Hal Crowther was the author of that article, and he tells the tale from his point of view.
As for me, the purveyor of subversion and sedition, I've heard nothing from the FBI--just a friendly nibble from cable news and a lot of encouraging "Give them hell" from fellow citizens, including a pair of congressmen. I would, if I could, overthrow this government by force of argument. I believe from the bottom of my non-partisan heart that the George Bush wolfpack is the most dangerous, least honorable, least sensible gang of thugs and cynics that ever aimed America's Big Gun at a trembling planet. I saw a bumper sticker I endorse--"Any Other Whore in 2004." But the USA Patriot Act has to be retired before the 2004 elections. Stand up, speak out--don't hunker down and wait for those bruisers in the cargo shorts to come looking for your son.(Thanks, Haven!)
Greens, greens, I love my greens, better than chicken and black-eyed peas! (Or something like that ... I have an old song lyric in my head and I'm not sure I'm getting it right.)
Loath as I am to make self-referential ego-boo posts, Dick Chase (he of the wonderful food weblog Simmer Stock) made my gumbo z'herbes (or green gumbo) recipe the other day and loved it (thanks!), so I thought I'd take the opportunity to plug the recipe and affirm how awesome it is. Before the ego-boo gets out of hand, I didn't make up the recipe, but it's one I cobbled together from several traditional recipes and is one I like very much.
For anyone daunted by the prospect of a soup of anywhere from seven to fifteen different kinds of greens, lemme tell ya ... I once made this for a group of non-Louisianians on whom I was taking a big chance. They had never had a dish as Creole as this, and it's not one that most people know about. I was really worried that they'd all end up taking one spoonful, struggling to suppress the "yuck" looks on their faces and would then politely cover their bowls with their napkins. As it turned out, they all went back for seconds and thirds. And if you add some lovely, smoky tasso, they'll have fourths and fifths, I'll bet. This is some damned good stuff (and good for ya, too). Eat your greens!
Ladies and gentlemen ... The Passing Stones! Gee, is that what The Rolling Stones will be changing their name to now that Mick has turned 60?
Actually, my friend Rick Cornell got himself a kidney stone recently and seems to be taking it in rather good humor (I'd be shrieking and whining and milking my pain for all the sympathy and prescription narcotics I could get, me). He approaches the ordeal from a musical point of view, and ends with one of the greatest horrid puns ever, one of which I used quite a bit in high school and college but stopped because the groans from people started to get threatening. Don't forget to drink lots of water every day, Rick!
Friday, August 1, 2003
Jeez, it's August. Where did seven months go already? There are friends of mine I haven't seen since March. Whoosh! Slow down, dammit!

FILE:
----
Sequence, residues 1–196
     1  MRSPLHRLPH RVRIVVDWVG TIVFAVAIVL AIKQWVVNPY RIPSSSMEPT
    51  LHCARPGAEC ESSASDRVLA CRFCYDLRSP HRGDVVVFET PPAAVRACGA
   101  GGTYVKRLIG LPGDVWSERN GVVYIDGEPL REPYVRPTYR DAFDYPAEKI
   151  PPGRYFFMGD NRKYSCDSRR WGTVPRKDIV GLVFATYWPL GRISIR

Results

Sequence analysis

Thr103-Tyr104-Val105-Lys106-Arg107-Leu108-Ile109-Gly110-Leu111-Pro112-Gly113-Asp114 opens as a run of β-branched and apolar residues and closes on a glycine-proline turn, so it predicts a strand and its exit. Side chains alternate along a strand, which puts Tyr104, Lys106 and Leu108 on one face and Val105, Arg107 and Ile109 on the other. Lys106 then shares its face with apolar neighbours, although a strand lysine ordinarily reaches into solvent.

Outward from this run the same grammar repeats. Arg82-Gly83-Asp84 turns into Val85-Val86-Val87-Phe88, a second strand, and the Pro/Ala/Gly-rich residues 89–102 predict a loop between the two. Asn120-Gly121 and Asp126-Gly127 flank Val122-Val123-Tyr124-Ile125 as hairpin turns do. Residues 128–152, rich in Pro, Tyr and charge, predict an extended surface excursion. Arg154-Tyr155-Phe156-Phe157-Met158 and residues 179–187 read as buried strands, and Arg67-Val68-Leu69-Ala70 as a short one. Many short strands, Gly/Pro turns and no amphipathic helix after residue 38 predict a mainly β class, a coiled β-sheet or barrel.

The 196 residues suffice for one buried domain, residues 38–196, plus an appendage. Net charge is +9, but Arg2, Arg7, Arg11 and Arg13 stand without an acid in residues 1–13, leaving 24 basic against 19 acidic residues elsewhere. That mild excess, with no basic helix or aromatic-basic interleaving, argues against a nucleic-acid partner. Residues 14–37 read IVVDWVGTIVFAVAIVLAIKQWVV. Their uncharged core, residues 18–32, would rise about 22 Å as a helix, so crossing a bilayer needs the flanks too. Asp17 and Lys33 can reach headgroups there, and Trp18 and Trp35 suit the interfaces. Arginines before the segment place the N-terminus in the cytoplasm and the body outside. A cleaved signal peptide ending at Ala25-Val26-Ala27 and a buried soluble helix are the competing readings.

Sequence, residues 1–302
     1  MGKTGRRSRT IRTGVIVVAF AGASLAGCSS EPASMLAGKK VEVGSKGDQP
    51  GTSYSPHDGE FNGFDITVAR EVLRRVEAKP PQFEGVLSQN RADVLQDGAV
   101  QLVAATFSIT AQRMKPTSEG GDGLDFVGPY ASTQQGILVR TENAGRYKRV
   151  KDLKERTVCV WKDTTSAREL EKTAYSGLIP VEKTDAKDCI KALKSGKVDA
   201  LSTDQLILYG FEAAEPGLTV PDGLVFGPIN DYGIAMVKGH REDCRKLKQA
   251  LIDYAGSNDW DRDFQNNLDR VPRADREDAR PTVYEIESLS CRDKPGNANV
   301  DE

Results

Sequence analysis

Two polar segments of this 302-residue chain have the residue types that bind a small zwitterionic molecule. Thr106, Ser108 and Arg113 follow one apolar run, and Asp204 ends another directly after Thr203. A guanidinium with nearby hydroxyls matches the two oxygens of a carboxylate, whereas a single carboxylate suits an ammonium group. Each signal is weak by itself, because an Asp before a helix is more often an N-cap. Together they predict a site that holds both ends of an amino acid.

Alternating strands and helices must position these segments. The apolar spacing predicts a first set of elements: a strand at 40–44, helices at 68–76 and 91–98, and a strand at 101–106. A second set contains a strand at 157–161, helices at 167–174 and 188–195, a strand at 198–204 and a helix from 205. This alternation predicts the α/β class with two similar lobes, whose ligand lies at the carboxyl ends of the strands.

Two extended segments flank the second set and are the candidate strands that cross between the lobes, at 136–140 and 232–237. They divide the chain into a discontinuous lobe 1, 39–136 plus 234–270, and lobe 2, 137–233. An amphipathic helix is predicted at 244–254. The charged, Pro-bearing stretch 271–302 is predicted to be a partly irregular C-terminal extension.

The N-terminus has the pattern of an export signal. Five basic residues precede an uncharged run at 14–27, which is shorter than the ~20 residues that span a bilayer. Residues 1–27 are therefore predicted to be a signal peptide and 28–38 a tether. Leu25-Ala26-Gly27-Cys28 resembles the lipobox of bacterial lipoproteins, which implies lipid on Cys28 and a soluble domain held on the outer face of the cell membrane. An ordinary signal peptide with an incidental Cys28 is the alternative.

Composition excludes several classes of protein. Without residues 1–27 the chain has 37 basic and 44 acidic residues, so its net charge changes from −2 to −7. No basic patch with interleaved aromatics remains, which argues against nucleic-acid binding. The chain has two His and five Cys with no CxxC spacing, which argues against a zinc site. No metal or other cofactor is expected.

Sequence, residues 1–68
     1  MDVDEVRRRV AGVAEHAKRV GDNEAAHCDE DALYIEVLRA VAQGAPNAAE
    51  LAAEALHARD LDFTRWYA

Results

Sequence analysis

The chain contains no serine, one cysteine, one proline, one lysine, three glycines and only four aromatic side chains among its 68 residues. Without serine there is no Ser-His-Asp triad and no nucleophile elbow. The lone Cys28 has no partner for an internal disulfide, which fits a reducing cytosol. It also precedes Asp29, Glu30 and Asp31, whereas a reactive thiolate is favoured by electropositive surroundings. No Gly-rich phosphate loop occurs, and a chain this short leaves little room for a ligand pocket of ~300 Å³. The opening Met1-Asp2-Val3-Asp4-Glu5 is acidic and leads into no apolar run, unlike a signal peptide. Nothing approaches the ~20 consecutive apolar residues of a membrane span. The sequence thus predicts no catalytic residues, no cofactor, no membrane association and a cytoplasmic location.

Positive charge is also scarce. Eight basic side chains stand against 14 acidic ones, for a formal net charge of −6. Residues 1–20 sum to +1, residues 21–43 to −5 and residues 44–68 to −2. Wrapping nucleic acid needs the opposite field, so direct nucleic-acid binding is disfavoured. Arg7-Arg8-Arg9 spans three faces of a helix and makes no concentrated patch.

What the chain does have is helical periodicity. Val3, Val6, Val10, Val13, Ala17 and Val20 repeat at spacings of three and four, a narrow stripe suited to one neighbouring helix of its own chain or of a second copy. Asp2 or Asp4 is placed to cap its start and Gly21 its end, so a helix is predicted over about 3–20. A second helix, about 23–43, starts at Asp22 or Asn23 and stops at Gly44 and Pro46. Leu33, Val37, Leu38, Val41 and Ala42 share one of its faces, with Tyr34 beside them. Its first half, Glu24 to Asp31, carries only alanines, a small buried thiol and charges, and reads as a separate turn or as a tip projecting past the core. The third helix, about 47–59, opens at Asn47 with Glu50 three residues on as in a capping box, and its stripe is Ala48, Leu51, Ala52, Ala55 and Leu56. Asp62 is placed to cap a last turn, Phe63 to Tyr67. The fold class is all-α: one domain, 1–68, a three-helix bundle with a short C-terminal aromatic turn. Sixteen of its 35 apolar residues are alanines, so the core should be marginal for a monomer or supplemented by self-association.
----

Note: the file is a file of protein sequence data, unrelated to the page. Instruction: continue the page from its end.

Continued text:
Lies, exaggerations ... and a smidgen of truth! Day before yesterday the Los Angeles Times printed an article about Darrell Issa, the guy who paid for the California recall petition drive and wants to buy the governorship, detailing the vast differences between what he says about his record and the truth (chart via Uggabugga). As for the latter, there's an iota of that, mixed into a couple of truckloads of fertilizer. Issa says these questions about his past are "irrelevant." Mmmkay.
Quote of the day. One of the incredible statements from George W. Bush's recent press conference:
Reporter:Thank you, sir. Since taking office you signed into law three major tax cuts -- two of which have had plenty of time to take effect, the third of which, as you pointed out earlier, is taking effect now. Yet, the unemployment rate has continued rising. We now have more evidence of a massive budget deficit that taxpayers are going to be paying off for years or decades to come; the economy continues to shed jobs. What evidence can you point to that tax cuts, at least of the variety that you have supported, are really working to help this economy? And do you need to be thinking about some other approach?Oh. It was the media's fault. Gotcha.
George W. Bush: Yes. No, to answer the last part of your question. First of all, let me -- just a quick history, recent history. The stock market started to decline in March of 2000. Then the first quarter of 2001 was a recession. And then we got attacked in 9/11. And then corporate scandals started to bubble up to the surface, which created a -- a lack of confidence in the system. And then we had the drumbeat to war. Remember on our TV screens -- I'm not suggesting which network did this -- but it said, "March to War," every day from last summer until the spring -- "March to War, March to War." That's not a very conducive environment for people to take risk, when they hear, "March to War" all the time.